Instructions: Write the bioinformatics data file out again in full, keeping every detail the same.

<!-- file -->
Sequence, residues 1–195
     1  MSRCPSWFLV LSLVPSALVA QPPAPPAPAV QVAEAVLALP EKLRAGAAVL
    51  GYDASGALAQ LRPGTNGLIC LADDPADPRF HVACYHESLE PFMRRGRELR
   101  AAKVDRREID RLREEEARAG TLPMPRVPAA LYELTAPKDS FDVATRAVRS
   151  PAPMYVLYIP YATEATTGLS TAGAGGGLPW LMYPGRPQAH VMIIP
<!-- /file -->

Sequence, residues 1–195
     1  MSRCPSWFLV LSLVPSALVA QPPAPPAPAV QVAEAVLALP EKLRAGAAVL
    51  GYDASGALAQ LRPGTNGLIC LADDPADPRF HVACYHESLE PFMRRGRELR
   101  AAKVDRREID RLREEEARAG TLPMPRVPAA LYELTAPKDS FDVATRAVRS
   151  PAPMYVLYIP YATEATTGLS TAGAGGGLPW LMYPGRPQAH VMIIP